different.

10
Hypothesis Testing
  • The Research Hypothesis is transformed into a
    Statistical or Null Hypothesis.
  • This is done so that statistical tests can be
    employed that will determine whether the findings
    are statistically significant or can be
    attributed to chance.
  • The results of the statistical test will enable
    the researcher to accept or reject the null
    hypothesis.

11
More Hypothesis Testing
  • The purpose of the statistical test is to
    evaluate the null hypothesis at a specified level
    of probability
  • For instance, testing the difference in the mean
    values between 2 groups at the .05 level means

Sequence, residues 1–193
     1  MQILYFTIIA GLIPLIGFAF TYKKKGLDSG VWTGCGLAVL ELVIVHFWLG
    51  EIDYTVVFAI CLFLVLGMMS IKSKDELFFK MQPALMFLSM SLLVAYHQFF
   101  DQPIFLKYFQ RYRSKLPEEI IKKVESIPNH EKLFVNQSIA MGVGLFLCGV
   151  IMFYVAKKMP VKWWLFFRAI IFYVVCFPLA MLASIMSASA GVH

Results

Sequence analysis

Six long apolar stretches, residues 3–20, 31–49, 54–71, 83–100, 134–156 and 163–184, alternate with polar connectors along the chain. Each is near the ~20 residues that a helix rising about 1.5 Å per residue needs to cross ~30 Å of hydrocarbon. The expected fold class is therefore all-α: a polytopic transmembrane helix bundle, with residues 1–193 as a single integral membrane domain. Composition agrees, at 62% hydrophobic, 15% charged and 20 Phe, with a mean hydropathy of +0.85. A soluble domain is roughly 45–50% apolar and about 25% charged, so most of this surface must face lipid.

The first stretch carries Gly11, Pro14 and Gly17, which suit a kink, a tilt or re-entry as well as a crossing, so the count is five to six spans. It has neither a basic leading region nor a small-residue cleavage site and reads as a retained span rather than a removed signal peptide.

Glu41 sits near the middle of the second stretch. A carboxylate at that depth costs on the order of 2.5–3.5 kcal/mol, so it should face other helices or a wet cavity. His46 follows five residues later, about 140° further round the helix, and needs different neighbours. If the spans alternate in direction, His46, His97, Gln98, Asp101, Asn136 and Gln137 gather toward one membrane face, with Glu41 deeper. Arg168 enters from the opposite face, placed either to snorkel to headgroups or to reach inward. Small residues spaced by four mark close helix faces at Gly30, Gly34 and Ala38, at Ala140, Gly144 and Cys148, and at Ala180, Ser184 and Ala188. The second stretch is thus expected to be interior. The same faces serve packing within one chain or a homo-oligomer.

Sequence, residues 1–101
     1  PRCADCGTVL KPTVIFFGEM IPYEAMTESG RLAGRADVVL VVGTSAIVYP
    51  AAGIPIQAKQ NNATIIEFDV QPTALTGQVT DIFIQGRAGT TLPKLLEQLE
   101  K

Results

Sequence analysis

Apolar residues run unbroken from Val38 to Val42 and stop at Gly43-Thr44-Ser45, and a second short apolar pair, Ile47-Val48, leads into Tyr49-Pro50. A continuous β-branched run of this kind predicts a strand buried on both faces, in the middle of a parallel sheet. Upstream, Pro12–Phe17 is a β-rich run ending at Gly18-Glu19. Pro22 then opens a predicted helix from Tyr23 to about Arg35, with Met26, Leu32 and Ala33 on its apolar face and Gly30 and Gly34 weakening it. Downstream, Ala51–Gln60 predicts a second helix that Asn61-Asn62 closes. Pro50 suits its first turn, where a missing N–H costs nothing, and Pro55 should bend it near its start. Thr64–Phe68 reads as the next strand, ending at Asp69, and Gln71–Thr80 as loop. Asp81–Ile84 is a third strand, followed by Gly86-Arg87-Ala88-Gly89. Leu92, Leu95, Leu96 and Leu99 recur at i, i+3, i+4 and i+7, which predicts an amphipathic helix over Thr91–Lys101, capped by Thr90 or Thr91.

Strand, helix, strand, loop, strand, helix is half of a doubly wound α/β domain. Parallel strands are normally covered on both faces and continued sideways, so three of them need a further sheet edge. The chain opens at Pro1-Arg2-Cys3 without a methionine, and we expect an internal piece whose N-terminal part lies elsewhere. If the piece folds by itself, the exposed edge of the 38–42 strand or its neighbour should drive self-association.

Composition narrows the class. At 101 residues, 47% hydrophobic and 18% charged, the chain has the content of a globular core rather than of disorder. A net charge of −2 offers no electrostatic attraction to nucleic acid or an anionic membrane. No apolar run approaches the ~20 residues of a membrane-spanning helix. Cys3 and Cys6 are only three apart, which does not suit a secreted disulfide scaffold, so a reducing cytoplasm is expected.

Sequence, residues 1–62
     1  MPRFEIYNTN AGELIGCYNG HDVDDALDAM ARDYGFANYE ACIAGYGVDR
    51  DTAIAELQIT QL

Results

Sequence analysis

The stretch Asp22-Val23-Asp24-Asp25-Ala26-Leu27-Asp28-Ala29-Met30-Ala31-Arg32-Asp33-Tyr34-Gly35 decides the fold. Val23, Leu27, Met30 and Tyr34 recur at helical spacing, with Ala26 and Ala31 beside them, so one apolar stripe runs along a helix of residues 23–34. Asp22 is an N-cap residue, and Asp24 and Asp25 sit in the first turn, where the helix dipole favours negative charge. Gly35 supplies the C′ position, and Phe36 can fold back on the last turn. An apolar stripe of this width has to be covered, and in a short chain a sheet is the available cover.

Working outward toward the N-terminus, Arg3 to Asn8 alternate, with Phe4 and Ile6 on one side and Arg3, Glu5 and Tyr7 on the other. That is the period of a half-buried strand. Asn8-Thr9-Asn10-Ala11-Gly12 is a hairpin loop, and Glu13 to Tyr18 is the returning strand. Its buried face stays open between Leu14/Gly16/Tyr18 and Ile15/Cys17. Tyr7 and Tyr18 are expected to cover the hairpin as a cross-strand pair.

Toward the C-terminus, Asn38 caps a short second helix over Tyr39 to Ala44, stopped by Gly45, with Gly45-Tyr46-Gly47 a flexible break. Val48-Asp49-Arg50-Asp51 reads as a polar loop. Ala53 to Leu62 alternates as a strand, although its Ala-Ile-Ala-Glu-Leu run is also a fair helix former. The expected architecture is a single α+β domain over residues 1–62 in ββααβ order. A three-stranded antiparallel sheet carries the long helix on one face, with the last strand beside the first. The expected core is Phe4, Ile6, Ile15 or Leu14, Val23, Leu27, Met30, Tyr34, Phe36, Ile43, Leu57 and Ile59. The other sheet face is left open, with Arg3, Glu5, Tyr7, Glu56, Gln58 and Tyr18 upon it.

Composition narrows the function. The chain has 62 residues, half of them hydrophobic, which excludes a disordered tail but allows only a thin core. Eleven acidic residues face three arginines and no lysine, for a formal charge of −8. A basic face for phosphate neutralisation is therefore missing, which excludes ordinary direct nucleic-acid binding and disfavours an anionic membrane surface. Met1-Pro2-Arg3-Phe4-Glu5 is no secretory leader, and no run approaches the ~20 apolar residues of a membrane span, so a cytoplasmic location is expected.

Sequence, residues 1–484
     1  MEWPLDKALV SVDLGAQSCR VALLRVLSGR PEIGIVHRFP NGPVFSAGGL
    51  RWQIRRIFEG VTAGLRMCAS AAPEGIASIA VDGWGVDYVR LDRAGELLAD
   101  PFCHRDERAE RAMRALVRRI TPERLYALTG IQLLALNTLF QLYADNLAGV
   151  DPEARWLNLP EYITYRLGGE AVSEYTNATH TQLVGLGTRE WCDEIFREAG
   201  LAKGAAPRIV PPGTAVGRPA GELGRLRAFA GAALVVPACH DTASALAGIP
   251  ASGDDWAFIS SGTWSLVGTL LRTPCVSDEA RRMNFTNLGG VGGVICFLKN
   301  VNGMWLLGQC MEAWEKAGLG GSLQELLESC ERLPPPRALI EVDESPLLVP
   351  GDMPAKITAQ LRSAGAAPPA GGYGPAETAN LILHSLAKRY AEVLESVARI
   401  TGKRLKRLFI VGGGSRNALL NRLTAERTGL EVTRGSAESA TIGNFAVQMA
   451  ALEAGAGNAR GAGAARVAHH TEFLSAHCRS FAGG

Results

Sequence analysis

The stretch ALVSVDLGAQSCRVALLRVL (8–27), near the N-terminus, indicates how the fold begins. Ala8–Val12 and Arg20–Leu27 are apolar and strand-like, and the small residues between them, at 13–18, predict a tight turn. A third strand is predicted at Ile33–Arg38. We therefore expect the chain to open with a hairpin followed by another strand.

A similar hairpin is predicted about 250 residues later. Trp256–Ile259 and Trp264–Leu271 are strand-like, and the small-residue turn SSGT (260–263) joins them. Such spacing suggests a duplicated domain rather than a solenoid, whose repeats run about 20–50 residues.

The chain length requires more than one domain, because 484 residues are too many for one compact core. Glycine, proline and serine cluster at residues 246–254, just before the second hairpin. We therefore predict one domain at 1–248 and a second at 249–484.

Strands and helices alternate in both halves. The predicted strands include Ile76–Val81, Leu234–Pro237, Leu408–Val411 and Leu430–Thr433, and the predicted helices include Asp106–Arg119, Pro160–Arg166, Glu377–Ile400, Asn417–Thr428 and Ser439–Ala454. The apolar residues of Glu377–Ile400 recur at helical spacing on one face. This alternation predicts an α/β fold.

12
  • Do the values of the dependent variable differ
    significantly (plt.05) so that these differences
    would not be attributable to chance occurrence
    more than 5 times in 100?

13
Level of Significance
  • Rejecting the null hypothesis at the .05 alpha
    (?) level suggests a 95 probability that the
    differences between the two variables is real and
    not the result of chance.

14
  • Type I Error rejecting a null hypothesis when it
    is really true.
  • Probability of making a type I error is equal to
    ?
  • Type II Error acceptance or not rejecting a null
    hypothesis when it is false.
  • Probability of making a type II error is equal
    to ß.

15
Hypothesis Testing Procedures
  • State the hypothesis (H0), and then you select
    the probability level (alpha).
  • The researcher sets a significance level to
    indicate the maximum risks she is willing to take
    of making an error when concluding that there is